Wall Street is working its way through the cycle of grief that starts with shock and denial, progresses to accepting responsibility and eventually gets to the stage of learning from mistakes. In contrast, Washington remains stuck in the denial phase, with political leaders refusing to admit that their actions have any responsibility for the credit panic. This matters because regulatory denial is suppressing confidence in markets, especially now that the country’s financial capital is in Washington, not in New York.
Last week’s congressional hearings included important mea culpas. Former US Federal Reserve chairman Alan Greenspan focused on the information gap in the banking industry that he, and others, failed to see. “The best insights of mathematicians and finance experts, supported by major advances in computer and communications technology”, had a fatal flaw. “The whole intellectual edifice”, he admitted, “collapsed in the summer of last year because the data inputted into the risk management models generally covered only the past two decades, a period of euphoria”.
On Wall Street, it pays to admit mistakes, then at least try to make different mistakes the next time. The best news last week was the little-noticed success in settling the credit default swaps relating to Lehman Brothers’ debt. Traders called this bellwether for the opaque, $62 trillion market a “non-event”. Having learnt the hard way that opaque markets are risky markets, the private sector is trying to bring transparency to credit derivatives, either by creating a clearing house to centralize information, or through an exchange with disclosure of prices and conditions. Derivatives would again reduce risk, not heighten it.
But Washington’s culture is fundamentally different from Wall Street’s. Politicians of all parties thrive by avoiding responsibility and shifting blame. Congress has not even held hearings yet in the area where it is most clearly responsible: social engineering through banking by pumping mortgages to unqualified borrowers via Fannie Mae, Freddie Mac and laws that required banks to make bad loans. Hearings are promised after the election.
Markets expect even more politicized lending now that the government has direct stakes in banks. US treasury secretary Henry Paulson offers assurances that banks will operate without political influence, but just last week a group of Democratic senators agitated for lending rules aimed at supporting their social goals. We’ve learnt that complex modern banking can barely cope with its core function of allocating capital efficiently, much less politically. Denial of this basic point is undermining the beginnings of a return to confidence.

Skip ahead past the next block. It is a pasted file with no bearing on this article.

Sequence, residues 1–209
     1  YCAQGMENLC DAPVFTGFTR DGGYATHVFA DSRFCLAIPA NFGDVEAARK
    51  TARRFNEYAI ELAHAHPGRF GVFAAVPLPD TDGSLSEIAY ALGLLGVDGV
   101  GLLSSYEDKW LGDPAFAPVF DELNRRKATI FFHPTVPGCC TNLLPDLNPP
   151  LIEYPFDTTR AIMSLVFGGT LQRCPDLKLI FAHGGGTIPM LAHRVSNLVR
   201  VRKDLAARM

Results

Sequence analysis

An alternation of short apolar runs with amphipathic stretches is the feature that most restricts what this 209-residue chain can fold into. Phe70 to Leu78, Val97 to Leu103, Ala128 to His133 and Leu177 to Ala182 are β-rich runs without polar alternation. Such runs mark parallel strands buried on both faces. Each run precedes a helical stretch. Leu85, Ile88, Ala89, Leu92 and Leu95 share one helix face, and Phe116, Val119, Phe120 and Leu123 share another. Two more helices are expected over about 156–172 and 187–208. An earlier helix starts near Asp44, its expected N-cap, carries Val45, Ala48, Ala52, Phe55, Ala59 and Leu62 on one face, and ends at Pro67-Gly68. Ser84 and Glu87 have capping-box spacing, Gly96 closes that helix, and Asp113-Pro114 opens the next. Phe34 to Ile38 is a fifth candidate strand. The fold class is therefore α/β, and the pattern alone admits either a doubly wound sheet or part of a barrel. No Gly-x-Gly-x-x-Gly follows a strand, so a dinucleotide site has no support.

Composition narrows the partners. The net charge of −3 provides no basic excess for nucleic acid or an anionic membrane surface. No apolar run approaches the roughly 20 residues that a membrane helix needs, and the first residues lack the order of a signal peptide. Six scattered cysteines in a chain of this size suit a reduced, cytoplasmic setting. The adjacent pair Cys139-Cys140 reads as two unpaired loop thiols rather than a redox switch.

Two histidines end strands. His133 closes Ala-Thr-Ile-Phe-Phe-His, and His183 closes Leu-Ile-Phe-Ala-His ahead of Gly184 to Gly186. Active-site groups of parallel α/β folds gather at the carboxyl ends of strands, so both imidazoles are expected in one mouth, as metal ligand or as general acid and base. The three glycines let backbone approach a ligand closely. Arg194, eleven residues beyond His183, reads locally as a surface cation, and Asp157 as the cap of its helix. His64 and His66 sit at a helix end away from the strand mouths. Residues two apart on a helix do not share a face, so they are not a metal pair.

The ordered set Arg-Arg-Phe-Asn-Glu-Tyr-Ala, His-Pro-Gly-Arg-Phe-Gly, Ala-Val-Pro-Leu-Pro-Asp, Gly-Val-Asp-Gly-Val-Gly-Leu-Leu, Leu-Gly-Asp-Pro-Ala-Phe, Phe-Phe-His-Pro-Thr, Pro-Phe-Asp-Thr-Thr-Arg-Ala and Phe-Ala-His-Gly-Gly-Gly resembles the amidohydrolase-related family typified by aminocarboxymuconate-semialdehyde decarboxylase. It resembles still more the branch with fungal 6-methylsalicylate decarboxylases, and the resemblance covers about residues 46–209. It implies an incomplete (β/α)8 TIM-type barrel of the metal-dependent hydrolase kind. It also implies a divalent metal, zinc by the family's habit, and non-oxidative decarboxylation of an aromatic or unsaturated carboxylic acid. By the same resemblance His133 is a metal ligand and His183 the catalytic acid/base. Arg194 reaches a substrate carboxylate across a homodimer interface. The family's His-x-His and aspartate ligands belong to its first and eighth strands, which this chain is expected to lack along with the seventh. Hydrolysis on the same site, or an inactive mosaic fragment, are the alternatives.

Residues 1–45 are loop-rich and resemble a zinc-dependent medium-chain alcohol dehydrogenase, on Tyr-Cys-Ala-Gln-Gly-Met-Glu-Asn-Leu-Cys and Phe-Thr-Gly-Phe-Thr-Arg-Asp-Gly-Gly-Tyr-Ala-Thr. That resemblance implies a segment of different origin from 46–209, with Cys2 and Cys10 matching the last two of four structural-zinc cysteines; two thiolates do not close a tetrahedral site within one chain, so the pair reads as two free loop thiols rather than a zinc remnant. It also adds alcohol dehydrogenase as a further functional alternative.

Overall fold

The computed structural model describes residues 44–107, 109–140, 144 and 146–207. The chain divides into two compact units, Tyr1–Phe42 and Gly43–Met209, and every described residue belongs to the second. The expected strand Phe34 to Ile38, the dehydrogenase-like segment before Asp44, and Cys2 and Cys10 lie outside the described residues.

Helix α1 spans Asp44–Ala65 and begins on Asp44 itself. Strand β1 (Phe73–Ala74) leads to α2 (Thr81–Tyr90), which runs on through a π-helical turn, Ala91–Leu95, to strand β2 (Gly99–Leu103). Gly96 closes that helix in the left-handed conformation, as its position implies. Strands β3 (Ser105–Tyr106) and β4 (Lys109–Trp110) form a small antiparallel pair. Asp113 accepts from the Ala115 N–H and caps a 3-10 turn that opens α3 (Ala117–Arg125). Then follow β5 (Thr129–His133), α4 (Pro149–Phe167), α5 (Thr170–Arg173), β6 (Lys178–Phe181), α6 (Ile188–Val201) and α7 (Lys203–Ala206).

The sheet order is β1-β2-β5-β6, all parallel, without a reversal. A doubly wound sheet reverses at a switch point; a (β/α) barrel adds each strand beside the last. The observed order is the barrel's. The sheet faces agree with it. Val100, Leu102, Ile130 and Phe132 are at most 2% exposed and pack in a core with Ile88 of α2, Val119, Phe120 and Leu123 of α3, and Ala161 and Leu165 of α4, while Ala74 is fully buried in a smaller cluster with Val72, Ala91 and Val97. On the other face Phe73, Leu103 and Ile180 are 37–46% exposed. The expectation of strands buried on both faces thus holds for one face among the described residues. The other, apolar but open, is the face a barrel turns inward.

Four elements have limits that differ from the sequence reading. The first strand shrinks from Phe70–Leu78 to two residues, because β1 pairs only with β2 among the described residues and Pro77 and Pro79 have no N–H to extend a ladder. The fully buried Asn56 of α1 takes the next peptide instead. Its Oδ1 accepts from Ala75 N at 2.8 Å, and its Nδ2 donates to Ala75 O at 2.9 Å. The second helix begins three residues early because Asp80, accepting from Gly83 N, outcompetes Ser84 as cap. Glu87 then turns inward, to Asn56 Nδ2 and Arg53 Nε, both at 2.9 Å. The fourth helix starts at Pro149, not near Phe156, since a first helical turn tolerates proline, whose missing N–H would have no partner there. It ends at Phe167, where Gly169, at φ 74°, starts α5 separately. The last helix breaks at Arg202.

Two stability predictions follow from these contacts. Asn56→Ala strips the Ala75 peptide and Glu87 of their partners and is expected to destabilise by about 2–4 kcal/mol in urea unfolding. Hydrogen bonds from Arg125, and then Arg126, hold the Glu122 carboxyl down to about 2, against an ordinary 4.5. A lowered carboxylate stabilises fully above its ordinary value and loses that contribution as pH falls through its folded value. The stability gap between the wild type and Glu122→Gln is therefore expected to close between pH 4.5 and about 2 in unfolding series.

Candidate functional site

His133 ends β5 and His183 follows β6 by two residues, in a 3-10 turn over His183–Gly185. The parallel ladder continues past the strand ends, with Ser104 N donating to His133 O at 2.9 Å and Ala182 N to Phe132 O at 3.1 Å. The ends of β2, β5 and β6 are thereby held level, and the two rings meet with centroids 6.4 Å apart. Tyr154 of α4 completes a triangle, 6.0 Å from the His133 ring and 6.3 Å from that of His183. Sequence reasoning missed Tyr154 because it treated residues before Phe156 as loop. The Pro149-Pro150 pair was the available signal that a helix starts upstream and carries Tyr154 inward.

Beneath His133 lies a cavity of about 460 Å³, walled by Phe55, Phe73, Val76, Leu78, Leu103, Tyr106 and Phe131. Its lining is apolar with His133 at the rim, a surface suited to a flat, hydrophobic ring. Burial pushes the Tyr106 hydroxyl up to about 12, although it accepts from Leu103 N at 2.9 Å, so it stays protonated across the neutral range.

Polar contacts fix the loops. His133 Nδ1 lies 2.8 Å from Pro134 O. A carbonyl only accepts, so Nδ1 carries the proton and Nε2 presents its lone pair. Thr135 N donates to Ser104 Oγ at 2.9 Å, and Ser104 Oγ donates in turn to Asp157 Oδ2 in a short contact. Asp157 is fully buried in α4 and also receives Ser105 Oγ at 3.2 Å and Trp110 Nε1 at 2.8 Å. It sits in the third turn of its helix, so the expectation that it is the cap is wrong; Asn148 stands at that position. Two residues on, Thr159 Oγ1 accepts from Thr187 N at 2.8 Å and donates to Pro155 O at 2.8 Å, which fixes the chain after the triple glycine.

Indeed, a relevant lesson from the Great Depression is that economic recovery was postponed for years by what economist Robert Higgs calls the “regime of uncertainty”. Higgs traces the uncertainties caused by extreme government economic intervention in the 1930s through laws, regulations and confiscatory tax rates. Or, as Amity Shlaes, author of the best-seller on the causes of the Great Depression, The Forgotten Man, puts it, our current economy is in a “recession of uncertainty”. Until Washington accepts responsibility for its role in politicizing banking over the past several years, markets will not be confident about the rules of the road.
The lesson from both the Great Depression and Greenspan’s apology is that reforms should address the underlying problem of missing information. Over the past few years, markets didn’t have the information needed to price bad mortgages or overly complex securities. The securities laws of the 1930s are a model for today’s solution. They required transparency about stocks and the other investment vehicles of the time. These reforms played perhaps the central role in restoring trust in financial markets.
The rules for disclosure need to be updated for modern financial instruments. More transparent information would restore trust. If Washington can catch up with the private sector in admitting its mistakes, we can move forward to restore stability, with an end in sight to the current cycle of grief.
The Wall Street Journal
L Gordon Crovitz is a columnist for ‘The Wall Street Journal’ and writes the Information Age column.
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